The Dancehouse Theatre in Manchester played host to Eight-Freestyle's production of Dick Whittington, and let me tell you, despite the technical faults and a very rushed pace this is still an extremely good panto!

Yes, the directing puts the panto at a rather frenetic pace, with hardly allowing time for the actors to breathe, and certainly not giving as much time to LISTENING and reacting to what the audience are saying as they should. They were sticking to the script and did very little ad libbing in response to audience comments, but am thinking that this is probably due to the fact that most of their routines are underscored by backing tacks and so don't have the luxury of a live band vamping, which is a great pity. This, along with the fact that the mics were set too loud and we got feedback, the lighting in the second act being all over the place, and way too much smoke for the final song and bows, are all minor things in the scheme of it all, and at least the technical problems can easily be rectified before the first proper public performances.

Otherwise, this was really rather good and in amongst the young audience this afternoon was an entire primary school who were laughing, shouting, crying and following this story all the way!

The traditional characterisations of all the main cast were lovely to see, and to watch and hear the young audience's reactions to one of the best King Rats {Adam Urey} I've seen was indeed great! The Fairy {Rebecca McKintyre} was given a bit of a modernisation proving to be able to keep up with street dance! And Sarah the Cook {Matthew Chappell} made his (her) entrance in typical Dame fashion and became more and more entertaining the more he got into his stride. On his first entrance though he seemed very nervous and almost spat his lines out and couldn't keep still even for a second!

But what stole the show for me was the dancing! Dick's cat looked like it had come straight out of a production of Lloyd-Webber's Cats, and was just as acrobatic too! Played superbly by Shane Hurst. And the rest of the dancing credit goes to The Danceworks in Eccles, which is where I believe majority of the chorus dancers came from. There were many of them, aging I would guess from about 9 -16 years, and in a word, they were fantastic! The choreography {Sean Canning, Moira Hancock, Lauren Townley and Vanessa Murphy-Wood} was spot on. Giving the younger and less experienced dancers fewer and different routines, whilst the middle group did some more advanced dancing leaving the four or so oldest girls to also act as swings for the main characters. The routines were modern, clever and wonderfully executed! Using the smallest girl to mime to "Nothing like a Dame" was pure genius!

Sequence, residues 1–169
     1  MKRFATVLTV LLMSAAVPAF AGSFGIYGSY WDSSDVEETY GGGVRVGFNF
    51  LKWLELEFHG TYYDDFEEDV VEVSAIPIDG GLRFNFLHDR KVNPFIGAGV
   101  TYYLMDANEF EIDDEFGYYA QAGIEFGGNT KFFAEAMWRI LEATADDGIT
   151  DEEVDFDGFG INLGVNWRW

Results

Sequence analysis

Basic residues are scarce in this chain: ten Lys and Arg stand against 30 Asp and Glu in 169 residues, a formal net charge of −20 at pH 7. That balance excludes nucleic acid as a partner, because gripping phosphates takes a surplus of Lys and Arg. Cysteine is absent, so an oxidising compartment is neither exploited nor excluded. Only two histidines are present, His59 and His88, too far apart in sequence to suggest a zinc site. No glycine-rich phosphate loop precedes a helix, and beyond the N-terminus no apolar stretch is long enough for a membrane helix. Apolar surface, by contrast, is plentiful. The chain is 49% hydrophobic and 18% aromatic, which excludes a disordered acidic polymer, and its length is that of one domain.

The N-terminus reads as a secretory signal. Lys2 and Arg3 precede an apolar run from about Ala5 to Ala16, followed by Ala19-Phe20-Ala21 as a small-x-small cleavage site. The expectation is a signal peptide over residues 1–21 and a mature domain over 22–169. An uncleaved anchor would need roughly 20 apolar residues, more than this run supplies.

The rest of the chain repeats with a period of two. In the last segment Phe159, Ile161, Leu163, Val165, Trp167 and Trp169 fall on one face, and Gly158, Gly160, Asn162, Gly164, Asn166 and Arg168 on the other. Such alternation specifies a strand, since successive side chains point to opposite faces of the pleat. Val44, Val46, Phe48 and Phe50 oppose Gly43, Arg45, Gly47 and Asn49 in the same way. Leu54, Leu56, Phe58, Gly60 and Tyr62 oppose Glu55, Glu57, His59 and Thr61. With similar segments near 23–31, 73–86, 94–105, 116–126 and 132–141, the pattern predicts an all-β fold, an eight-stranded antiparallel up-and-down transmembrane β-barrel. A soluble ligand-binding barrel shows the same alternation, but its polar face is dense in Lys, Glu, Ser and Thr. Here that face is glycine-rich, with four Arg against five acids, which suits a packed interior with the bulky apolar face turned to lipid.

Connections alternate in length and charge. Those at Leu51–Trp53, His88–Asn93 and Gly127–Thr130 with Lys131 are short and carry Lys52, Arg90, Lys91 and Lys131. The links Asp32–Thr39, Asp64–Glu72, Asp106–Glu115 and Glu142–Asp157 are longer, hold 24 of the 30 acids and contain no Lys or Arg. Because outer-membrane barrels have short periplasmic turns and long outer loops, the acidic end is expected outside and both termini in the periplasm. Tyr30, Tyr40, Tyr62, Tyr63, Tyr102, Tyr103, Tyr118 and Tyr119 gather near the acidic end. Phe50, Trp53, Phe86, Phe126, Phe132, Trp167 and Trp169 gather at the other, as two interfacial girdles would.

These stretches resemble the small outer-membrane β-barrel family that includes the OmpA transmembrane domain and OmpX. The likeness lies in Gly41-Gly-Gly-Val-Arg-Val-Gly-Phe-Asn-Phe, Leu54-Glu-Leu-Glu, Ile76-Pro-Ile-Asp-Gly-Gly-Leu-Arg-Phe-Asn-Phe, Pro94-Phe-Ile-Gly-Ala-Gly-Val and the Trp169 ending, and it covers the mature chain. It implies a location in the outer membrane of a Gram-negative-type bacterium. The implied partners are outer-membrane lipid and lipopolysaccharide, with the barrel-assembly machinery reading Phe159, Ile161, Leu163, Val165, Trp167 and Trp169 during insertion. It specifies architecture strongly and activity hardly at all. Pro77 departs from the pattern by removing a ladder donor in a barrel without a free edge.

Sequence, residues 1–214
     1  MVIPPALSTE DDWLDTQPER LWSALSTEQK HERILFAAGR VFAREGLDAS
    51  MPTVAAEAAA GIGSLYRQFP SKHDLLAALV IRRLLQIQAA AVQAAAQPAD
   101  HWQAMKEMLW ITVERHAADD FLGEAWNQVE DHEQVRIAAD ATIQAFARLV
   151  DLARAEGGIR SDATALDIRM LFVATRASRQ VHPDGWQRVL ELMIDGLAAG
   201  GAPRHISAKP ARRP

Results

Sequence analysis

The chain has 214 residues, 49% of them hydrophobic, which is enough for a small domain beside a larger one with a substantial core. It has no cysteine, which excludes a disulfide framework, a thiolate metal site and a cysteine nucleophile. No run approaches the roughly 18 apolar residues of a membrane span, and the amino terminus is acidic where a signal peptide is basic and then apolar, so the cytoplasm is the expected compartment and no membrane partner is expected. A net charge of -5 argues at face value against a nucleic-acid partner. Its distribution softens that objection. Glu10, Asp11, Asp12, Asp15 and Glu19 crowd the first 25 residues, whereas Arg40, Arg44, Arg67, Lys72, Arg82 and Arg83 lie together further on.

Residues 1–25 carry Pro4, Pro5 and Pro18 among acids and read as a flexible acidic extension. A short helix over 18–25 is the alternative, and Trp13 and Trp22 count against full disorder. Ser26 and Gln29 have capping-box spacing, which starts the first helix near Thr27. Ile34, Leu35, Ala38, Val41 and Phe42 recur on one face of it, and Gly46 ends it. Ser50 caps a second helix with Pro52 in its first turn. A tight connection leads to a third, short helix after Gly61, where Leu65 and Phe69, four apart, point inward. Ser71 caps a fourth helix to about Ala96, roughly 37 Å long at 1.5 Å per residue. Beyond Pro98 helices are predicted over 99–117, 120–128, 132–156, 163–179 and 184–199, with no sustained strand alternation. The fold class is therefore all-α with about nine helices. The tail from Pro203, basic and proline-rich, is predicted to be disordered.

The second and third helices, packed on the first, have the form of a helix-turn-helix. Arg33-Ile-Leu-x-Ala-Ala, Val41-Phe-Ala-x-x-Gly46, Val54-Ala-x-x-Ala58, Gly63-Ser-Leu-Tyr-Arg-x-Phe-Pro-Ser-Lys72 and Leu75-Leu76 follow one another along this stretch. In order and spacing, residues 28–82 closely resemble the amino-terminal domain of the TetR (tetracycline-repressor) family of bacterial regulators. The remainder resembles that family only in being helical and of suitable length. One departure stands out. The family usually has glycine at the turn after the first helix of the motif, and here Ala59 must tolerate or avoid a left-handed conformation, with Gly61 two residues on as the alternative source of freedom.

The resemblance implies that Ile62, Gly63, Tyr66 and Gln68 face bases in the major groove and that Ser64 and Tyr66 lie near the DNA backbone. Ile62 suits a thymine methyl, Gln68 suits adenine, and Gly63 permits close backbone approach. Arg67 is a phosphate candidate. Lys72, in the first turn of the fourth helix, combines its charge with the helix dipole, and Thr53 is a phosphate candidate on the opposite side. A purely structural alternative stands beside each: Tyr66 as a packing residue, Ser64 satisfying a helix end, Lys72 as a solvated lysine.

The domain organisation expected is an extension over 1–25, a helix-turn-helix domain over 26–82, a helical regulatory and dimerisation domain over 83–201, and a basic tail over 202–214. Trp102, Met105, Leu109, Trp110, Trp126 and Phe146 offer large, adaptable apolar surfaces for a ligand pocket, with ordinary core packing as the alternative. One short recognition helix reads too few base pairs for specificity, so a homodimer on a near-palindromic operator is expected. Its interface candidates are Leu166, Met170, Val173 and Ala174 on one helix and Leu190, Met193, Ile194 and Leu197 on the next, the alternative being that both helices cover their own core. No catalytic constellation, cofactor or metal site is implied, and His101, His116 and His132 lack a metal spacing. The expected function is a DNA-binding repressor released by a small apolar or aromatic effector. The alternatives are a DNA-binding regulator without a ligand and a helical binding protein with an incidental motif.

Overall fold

The set was simple; just two house flats for the first act [haven’t I seen these before only last week in Giselle??], and a ship's sail for the second. All other scenes were done with projection onto either a plain curtain and were acted in front of the drape, or on a gauze and acted behind which proved really very effective.

Costumes were, in the main, fine, but I do think more could have been made of the Dame's outfits and couldn't all the cast have had silver and gold costumes for the finale?

The script was superb! Certainly the best script so far this season! Jokes and routines for the youngsters, jokes for the adults, the story simply and clearly told, mostly in verse, and all the recognisable and traditional elements of the genre such as the 'yes it is / no it isn't' routine etc all well placed.

The director, Sean Canning, obviously knows and loves the genre and was able to bring out the best from each cast member. The only things I would say are that certain actors need to slow their delivery down a little, and all need to take more time to listen to and respond to the audience's shouting. (If possible). Perhaps I would have liked more than one youngster on the stage for the part which would normally be the "songsheet". In fact, why wasn't there a songsheet? And also, the young boy should have been given a wee present for going up on stage too. I loved the ping-pong routine, and using cast all in black to be invisible was a lovely hat nod to the ancient and noble art of Japanese 'Pantomime' - Kabuki. I really loved that link whether intentional or not.

I would also have preferred a female Dick, that would have been far more in the spirit of traditional panto, but Joseph Gallogly was proficient and adequate.

Finally I would have liked to have seen a proper finale. A big production number for all to sing and dance to, rather than the very half-hearted attempt that was made at the end of the final song. But still, this was one of the best pantomimes of the season, and with very modern street dance routines served on a base of tradition and good humour, there is something for everyone here, and is sure to entertain young and old alike until it closes on January 3rd.


Reviewer: Mark Dee

Reviewed: 17th December 2015